The SBE Certification Committee has established exam dates for 2001. Check the list below for the exam period that is best for you. For more information about SBE Certification, see your Chapter Certification Chair or contact Linda Emerick, Certification Director at the SBE National Office at (317) 253-1640 or lgodby@sbe.org.

2001 Exam Dates   Location          Application Deadline

April 24          NAB               March 23, 2001
June 8-18         Local Chapters    April 30, 2001
August 17-27      Local Chapters    July 9, 2001
November 9-19     Local Chapters    September 28, 2001
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Passing Of A Wireless Pioneer

December 29, 2000
by David Coursey, ZDNet News

Remembering a forgotten wireless pioneer.

The man who brought the world such indispensable wireless communications concepts and devices as the walkie-talkie, pager, and cordless telephone has died. That's the lead sentence of an email I just received from a ham radio news service I subscribe to.

The story is so interesting and the accomplishment so great that I'd like to share it with you. First, though, I'll need to shut off the cordless phone, put the pager in silent mode, and turn down the volume on the walkie-talkie I use in my volunteer work. It is startling to realize how much I owe to the inventions of a guy I didn't even know about. And now he's dead.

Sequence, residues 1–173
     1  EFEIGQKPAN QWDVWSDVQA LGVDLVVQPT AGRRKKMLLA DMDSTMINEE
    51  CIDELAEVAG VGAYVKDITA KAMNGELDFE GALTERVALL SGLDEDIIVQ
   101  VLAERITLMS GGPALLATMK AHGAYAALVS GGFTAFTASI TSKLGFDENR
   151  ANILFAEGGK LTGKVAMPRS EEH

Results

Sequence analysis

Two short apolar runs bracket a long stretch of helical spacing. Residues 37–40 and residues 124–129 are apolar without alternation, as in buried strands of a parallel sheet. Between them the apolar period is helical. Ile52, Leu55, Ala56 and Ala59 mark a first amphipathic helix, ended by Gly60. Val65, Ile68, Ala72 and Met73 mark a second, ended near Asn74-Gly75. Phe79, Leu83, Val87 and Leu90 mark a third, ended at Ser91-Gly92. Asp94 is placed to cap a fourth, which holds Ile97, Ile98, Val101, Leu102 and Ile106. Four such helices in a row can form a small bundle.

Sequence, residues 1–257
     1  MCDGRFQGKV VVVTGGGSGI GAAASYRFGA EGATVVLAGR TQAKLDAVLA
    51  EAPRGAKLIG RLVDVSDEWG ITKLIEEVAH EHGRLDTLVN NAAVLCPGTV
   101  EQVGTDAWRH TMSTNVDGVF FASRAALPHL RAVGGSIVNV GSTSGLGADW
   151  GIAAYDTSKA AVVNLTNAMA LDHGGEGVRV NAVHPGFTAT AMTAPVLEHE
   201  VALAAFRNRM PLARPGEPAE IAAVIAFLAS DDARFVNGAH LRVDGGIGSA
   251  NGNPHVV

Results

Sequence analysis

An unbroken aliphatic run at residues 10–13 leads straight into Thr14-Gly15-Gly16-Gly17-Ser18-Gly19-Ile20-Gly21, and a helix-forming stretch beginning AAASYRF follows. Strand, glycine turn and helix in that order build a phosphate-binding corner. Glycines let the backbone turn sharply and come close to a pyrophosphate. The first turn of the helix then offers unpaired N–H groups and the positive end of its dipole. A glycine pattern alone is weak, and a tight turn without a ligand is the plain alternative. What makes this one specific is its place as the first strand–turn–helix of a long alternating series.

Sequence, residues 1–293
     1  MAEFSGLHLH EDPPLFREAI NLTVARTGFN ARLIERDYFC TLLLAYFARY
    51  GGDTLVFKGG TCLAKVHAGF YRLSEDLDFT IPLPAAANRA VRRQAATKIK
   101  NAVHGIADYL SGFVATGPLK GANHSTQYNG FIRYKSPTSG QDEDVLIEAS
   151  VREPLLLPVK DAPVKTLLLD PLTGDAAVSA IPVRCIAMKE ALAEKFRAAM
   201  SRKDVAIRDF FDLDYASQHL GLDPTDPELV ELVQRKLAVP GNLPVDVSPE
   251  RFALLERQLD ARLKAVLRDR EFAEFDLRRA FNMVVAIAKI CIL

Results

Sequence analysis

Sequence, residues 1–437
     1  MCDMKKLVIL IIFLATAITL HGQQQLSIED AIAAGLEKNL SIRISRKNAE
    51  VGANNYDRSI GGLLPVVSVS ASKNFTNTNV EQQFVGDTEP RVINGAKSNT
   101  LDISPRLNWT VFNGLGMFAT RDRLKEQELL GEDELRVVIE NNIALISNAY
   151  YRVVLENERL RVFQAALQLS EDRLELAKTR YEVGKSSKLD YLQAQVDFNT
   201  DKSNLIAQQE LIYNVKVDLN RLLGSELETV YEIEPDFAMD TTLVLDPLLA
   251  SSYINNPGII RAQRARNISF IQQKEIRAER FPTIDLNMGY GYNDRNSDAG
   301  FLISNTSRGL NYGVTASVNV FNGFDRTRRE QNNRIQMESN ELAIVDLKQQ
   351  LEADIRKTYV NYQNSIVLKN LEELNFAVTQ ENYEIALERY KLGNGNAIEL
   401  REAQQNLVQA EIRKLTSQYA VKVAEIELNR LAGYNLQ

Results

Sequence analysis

His name was Al Gross. His ham radio call sign was W8PAL, and he died four days before Christmas at his home in Sun City, Ariz. Gross obtained his amateur radio license in 1934 at the age of 16. His early interest in amateur radio helped set his career choice while he was still a teenager. Gross pioneered the development of devices that operated in the relatively unexplored VHF and UHF spectrum above 100MHz. His first invention was a portable hand-held radio transmitter-receiver.

Developed in 1938 while he was still in high school in Cleveland, he christened it the 'walkie-talkie.' The device caught the attention of the US Office of Strategic Services -- the forerunner of the Central Intelligence Agency. The OSS recruited Gross, and this led to the invention of a two-way air-to-ground communications system used by the military behind enemy lines during the World War II. The system allowed OSS agents to communicate with high-flying aircraft.